He’s the kid from a regional town that never had a career plan, but knew he simply loved science.
Now, 20 years after graduating high school in Toowoomba and enrolling in a science degree at the University of Southern Queensland, Dr Scott Fry is at the forefront of pandemic preparedness as the Chief Operating Officer of Brisbane-based research and development organisation, Ellume.
“I chose to study science because biology was a real strength for me during school, so it seemed like a natural progression to continue studying something I knew I was good at,” Dr Fry said.
“My grades during my undergraduate studies were good and that meant I had the opportunity to complete Honours studies and then do my PhD all at the University of Southern Queensland.
“I didn’t have a clear career plan or know exactly what I wanted to do but I did know that I loved working alongside industry and in applied science, so I said yes to every opportunity that came my way.”
After finishing his PhD and working at a variety of research and innovation companies, a series of global events have put Dr Fry at the forefront of preparedness for COVID-19 on a global scale.
“I joined Ellume in Brisbane in early 2013 and the company had been founded with pandemic conditions front of mind,” he said.
“The 2009 swine flu pandemic is what planted the seed around the development of an at-home testing kit that could meet the need for a home flu test. We didn’t know when such a kit would be needed on a mass scale, but we were confident the day would come.
“Ultimately we were sure that what we were designing would assist in mass testing and help to minimise virus transmission while vaccines were being developed – it was always about buying time in the next pandemic.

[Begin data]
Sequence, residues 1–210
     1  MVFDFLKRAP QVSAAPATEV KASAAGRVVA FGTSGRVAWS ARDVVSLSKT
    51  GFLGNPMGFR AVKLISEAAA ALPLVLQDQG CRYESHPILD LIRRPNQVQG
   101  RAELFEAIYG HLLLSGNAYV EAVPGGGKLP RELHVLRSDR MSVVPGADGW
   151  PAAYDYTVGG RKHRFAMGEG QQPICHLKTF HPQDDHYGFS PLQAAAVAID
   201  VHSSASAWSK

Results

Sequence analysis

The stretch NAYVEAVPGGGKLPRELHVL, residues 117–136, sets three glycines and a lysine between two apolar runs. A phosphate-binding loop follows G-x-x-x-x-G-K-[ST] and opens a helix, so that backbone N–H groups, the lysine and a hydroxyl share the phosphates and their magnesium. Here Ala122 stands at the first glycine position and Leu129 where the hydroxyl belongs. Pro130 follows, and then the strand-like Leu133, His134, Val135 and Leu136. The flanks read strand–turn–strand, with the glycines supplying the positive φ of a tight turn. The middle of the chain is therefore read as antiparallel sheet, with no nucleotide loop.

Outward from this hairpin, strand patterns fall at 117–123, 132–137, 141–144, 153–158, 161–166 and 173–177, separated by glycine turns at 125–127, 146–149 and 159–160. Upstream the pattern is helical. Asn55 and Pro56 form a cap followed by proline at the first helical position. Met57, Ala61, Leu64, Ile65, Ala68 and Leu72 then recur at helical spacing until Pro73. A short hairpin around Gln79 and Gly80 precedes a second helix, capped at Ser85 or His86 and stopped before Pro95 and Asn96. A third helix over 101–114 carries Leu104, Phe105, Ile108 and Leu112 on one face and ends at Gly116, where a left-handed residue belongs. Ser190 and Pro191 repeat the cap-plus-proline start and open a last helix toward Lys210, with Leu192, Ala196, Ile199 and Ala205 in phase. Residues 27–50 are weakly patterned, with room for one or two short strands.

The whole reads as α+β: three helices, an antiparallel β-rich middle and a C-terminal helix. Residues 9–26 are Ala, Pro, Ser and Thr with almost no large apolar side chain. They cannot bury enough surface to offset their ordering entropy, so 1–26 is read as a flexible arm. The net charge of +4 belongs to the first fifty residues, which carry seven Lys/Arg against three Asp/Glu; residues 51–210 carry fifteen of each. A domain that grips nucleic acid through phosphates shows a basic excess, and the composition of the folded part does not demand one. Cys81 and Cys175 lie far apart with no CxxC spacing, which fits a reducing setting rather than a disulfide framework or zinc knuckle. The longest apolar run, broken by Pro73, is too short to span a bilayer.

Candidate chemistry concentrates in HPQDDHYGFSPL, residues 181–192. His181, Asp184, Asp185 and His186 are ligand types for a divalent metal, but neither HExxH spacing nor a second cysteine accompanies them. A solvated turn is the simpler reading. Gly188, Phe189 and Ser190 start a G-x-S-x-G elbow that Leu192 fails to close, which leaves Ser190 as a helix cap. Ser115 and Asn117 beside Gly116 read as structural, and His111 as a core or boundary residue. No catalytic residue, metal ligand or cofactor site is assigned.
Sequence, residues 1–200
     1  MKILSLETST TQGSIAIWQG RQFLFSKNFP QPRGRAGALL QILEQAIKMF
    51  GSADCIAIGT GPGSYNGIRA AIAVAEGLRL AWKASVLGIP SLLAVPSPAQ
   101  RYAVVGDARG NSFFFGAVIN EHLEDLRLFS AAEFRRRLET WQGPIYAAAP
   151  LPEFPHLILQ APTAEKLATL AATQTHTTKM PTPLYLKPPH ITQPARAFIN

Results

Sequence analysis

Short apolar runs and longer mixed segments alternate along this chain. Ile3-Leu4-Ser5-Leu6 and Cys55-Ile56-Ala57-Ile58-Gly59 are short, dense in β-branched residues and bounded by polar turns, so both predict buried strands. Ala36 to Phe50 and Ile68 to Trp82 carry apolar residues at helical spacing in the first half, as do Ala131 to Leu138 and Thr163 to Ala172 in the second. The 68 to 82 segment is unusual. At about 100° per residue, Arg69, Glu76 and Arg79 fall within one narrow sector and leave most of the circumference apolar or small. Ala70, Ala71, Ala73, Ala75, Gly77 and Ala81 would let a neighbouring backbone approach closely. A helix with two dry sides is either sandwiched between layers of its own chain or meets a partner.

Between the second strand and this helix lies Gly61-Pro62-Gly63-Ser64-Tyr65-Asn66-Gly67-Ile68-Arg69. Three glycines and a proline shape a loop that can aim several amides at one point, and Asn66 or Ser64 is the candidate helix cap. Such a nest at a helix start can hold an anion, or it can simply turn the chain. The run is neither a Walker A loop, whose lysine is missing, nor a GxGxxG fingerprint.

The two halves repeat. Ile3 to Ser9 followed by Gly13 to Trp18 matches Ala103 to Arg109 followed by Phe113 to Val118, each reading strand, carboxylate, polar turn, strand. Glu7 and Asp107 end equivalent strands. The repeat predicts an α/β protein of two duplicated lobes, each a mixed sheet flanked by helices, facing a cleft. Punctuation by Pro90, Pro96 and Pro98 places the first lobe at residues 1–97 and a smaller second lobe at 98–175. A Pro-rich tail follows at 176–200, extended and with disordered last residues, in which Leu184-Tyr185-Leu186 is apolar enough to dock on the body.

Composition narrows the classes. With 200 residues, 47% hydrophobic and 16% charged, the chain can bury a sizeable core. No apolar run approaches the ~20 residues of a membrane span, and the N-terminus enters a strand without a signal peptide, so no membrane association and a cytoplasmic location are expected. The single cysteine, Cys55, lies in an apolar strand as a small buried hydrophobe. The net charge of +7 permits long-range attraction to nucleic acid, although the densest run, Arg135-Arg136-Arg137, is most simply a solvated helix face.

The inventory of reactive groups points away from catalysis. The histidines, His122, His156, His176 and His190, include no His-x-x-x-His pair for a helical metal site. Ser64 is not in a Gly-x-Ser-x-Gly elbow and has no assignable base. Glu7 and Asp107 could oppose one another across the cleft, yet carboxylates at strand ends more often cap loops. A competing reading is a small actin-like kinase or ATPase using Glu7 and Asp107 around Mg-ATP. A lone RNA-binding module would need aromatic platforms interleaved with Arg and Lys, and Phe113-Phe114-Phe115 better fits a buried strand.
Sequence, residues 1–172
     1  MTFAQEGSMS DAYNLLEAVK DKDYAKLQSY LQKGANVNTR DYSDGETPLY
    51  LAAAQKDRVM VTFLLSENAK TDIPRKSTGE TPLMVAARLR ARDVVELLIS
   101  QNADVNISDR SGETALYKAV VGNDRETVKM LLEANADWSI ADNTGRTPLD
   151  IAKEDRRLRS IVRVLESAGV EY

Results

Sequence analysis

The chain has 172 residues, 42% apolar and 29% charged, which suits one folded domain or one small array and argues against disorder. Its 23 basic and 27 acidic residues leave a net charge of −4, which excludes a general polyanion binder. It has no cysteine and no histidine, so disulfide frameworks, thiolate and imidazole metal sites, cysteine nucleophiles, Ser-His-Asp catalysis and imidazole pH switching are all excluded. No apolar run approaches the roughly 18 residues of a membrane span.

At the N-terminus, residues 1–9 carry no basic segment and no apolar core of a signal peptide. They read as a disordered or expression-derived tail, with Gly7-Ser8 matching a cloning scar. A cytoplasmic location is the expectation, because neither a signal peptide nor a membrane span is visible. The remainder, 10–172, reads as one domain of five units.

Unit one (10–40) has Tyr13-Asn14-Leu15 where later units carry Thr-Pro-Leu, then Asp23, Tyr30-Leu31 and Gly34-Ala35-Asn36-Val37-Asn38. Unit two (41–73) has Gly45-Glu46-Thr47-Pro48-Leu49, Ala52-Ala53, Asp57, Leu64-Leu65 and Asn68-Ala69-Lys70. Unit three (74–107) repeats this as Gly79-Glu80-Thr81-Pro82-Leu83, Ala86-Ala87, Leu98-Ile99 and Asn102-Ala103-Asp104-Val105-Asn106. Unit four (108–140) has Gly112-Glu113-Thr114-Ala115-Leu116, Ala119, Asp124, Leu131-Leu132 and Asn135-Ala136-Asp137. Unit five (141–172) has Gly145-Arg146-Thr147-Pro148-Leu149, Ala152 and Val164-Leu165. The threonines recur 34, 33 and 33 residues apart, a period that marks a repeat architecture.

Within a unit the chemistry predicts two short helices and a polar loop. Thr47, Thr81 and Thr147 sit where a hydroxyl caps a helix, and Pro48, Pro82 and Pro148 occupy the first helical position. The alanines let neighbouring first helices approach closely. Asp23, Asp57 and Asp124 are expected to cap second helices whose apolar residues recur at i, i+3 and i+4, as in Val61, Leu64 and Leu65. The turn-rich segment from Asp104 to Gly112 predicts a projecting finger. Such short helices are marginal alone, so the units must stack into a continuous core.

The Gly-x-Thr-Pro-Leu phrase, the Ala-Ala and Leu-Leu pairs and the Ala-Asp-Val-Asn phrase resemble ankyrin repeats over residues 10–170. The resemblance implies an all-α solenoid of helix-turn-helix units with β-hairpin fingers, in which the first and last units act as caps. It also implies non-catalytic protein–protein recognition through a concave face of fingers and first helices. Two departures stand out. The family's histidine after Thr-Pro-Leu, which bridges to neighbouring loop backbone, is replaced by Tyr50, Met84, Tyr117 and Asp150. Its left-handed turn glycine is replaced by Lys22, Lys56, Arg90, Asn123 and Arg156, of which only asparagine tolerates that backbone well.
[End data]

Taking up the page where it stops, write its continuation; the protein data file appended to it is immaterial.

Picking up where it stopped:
“For COVID, we’ve never seen vaccines developed so fast but an at- home test like ours buys time so fewer people get sick or die while vaccines are being made available.”
Two million kits have already been deployed to the United States as part of a deal between Ellume and the US Department of Defence, with another eight million to be supplied in the coming months.
It’s a big deal for the son of a military family who still proudly calls Southern Queensland home.
“I am definitely the exception to the rule in my field insofar as most of the colleagues I studied with did their post-doctoral studies overseas or had to look for work a long way from Toowoomba,” Dr Fry said.
“I feel incredibly lucky to still be working on outcomes-based research from Queensland, but I also worked incredibly hard to always take on extra work during my study years to make the most of opportunities and increase my industry networks.
“Critically, I was always completely supported by my Mum and Dad – who made sure I was fed and housed while I was a full-time student – as well as the research staff at USQ who helped to guide me down the career path I needed to be on.”